I have just returned from spending a few quiet days in a small city in Panama. My reward to myself for a month of hard, but gratifying, work. Teaching a class in Gender and Peace, presenting my new book on various radio interview shows and at a Human Rights Assembly of some 200 interested persons. Enough words. Now I get to be quiet for few days!
As I like to do in cities that I am learning, I wandered the streets, looked into back yards and alleyways and went in and out of a few buildings that appeared interesting in some way or that called to me. I also like to sit in a neighborhood café and just watch the dailiness unfold within the rhythms of quotidian life. This is how I travel.
At one point, I wandered into a brightly painted colonial building that turned out to be a neighborhood middle school, The students were all in class and I didn’t want to bother them, so I strolled through the halls on my own, looking for differences and similarities to the schools I had attended in the U.S. so many years ago. These are schools into which I could no longer enter without identification, questions about my purpose and a quick search for weapons. A stranger in the U.S. now spells danger-even a woman of a certain age and obvious sincere intentions. I was expecting to be stopped and questioned, but it never happened.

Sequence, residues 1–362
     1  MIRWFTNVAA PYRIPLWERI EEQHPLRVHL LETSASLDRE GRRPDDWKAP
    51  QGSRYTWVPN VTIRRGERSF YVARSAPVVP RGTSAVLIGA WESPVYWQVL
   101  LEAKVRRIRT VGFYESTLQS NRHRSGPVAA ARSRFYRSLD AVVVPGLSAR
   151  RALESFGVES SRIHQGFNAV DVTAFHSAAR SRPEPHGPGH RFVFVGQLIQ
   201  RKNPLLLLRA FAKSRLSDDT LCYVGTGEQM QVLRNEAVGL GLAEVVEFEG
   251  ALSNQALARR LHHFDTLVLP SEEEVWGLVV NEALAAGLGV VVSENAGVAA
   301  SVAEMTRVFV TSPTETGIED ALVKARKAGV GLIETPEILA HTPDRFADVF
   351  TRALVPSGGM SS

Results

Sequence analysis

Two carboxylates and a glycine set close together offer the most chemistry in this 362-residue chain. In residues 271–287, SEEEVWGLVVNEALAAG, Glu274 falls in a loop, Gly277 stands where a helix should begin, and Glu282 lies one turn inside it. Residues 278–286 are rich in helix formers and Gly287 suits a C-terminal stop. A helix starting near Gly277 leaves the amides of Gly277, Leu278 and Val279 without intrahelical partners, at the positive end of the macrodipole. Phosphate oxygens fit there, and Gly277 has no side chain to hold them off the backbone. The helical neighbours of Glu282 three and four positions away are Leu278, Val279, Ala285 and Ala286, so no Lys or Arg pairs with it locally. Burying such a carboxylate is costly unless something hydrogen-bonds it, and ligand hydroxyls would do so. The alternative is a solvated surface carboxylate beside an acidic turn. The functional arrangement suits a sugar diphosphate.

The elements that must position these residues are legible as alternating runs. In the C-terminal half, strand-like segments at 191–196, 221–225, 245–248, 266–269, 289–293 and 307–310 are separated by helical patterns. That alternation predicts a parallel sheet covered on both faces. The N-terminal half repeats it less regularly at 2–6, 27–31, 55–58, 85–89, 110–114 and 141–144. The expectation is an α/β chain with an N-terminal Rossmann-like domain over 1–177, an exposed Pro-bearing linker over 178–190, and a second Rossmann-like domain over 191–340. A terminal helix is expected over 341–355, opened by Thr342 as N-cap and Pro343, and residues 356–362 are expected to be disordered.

Instead a large poster on one of the walls soon caught my eye. It was obviously a group project as evidenced by the collage nature, different designs and handwriting, but all focused on one theme. Stop femicide! No more violence against women and girls! No bullying! Live without violence! The world is full of opportunity! Respect not violence!
I was momentarily disoriented. Where was I? I soon realized that I was on a planet where girls and women of all ages and cultures from the U.S. to Panama to Liberia to Myanmar are standing up and linking arms, declaring proudly to be feminists and demanding equal rights. You can feel it everywhere and see it everywhere. It wants to happen.
For many of us, it has taken years of standing firm against being marginalized, demonized, terrorized or ridiculed. It has, at times, been painful and exhausting, at others invigorating and challenging. But, at last, there is change in the air. Feminism has reached critical mass and is stepping out of the shadowy margins, as many of the most admired women and men endorse it heartily and intelligently as the human rights movement it is.
Certainly there is much more to be done, but we are doing it. Together even when we don’t know we are together. We are everywhere and everywhere we are girls and women will become full citizens of the 21 century planet. It wants to happen.